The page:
Poor Georg Cantor.
During his life, he suffered from dreadful depression. He was mocked by
his mathematical colleagues, who didn't understand his work. And after his
death, he's become the number one target of mathematical crackpots.
As I've mentioned before, I get a lot of messages either from or
about Cantor cranks. I could easily fill this blog with nothing but
Cantor-crankery. (In fact, I just created a new category for Cantor-crankery.) I generally try to ignore it, except for that rare once-in-a-while that there's something novel.
A few days ago, via Twitter, a reader sent me a link to a new monstrosity
that was posted to arxiv, called Cantor vs Cantor. It's novel and amusing. Still wrong,
of course, but wrong in an amusingly silly way. This one, at least, doesn't quite
fall into the usual trap of ignoring Cantor while supposedly refuting him.
You see, 99 times out of 100, Cantor cranks claim to have
some construction that generates a perfect one-to-one mapping between the
natural numbers and the reals, and that therefore, Cantor must have been wrong.
But they never address Cantors proof. Cantors proof shows how, given any
purported mapping from the natural numbers to the real, you can construct at example
of a real number which isn't in the map. By ignoring that, the cranks' arguments
fail: Cantor's method still generates a counterexample to their mappings. You
can't defeat Cantor's proof without actually addressing it.
Of course, note that I said that he didn't quite fall for the
usual trap. Once you decompose his argument, it does end up with the same problem. But he at least tries to address it.
Enough preliminaries. Let's dive in and see what he did. His abstract
gives about a coherent a description as anything else in the paper, so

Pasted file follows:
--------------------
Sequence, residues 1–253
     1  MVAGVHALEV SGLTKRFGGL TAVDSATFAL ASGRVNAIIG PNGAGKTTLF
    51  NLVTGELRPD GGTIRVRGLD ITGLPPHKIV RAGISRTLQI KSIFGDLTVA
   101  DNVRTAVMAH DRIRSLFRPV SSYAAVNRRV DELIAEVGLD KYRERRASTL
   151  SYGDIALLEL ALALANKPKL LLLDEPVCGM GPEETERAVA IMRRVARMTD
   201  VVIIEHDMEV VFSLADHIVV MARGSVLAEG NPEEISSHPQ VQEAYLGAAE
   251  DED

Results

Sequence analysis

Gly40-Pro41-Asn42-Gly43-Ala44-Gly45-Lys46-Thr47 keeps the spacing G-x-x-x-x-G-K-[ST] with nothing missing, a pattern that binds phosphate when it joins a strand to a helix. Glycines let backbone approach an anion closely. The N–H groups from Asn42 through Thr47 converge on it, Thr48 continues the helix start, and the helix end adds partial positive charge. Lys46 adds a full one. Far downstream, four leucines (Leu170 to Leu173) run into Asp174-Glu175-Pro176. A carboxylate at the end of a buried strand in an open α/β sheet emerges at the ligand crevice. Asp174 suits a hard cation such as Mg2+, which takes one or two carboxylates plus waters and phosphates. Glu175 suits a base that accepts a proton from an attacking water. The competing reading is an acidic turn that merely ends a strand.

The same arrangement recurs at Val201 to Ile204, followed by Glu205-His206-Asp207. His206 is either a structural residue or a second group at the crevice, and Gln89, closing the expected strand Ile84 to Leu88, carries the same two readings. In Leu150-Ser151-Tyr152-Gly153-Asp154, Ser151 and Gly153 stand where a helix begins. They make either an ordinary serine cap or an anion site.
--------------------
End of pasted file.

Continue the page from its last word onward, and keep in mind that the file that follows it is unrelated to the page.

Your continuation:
we'll start with that.
Cantor's diagonal argument makes use of a hypothetical table
T containing all real numbers within the real interval (0,1). That table
can be easily redeﬁned in order to ensure it contains at least all rational
numbers within (0,1). In these conditions, could the rows of T be reordered
so that the resulting diagonal and antidiagonal were rational numbers? In
that case not only the set of real numbers but also, and for the same reason,
the set of rational numbers would be nondenumerable. And then we would
have a contradiction since Cantor also proved the set of rational numbers is
denumerable. Should, therefore, Cantor's diagonal argument be suspended
until it be proved the impossibility of such a reordering? Is that reordering
possible? This paper address both questions.
To understand this, let's do a quick review of Cantor's diagonalization.
Cantor is trying to prove that the set of real numbers is strictly larger than
the set of natural numbers. He uses proof by contradiction: he starts by
supposing that the naturals and the reals have the same size, then shows how
that inevitably leads to a contradiction.
If the set of real numbers is the same size as the set of natural numbers,
then there is a one-to-one mapping f from the natural numbers to the real
numbers in the range (0, 1). So he uses that to lay out a table, where the
first row is f(0), the second row is f(1), etc. In the table, the first column
is the first digit; the second column is the second digit, and so on.
If the mapping is really one-to-one, then every real number must be in the
table. But Cantor shows how you can easily create a new real number which is
not in the table. All you do is look at the digit in position (1,1)
in the grid - and change it. Then look at the digit in position (2,2), and
change that. Then the digit in (3,3). And so on: for row N in the table, you
change digit #n. What that procedure does is generate a number which is
different from every number in the table in at least one digit. Therefore it's
not in the table. That's a contradiction: we said that every real number had to
be in the table, but we've just constructed a real number which isn't.
What our author is proposing is to take Cantor's diagonalization,
and do two things to it.
First, he changes it so that it's a mapping from the natural numbers
to the rationals instead of the natural numbers to the reals.
Then, he looks at the diagonal of the and re-arrange the rows of it.
He re-arranges the rows of the table until the number in the diagonal is
a rational. Now he's got a table which contains all of the rationals, and whose
Cantor diagonal is a rational number. So it looks like he's got a counter-example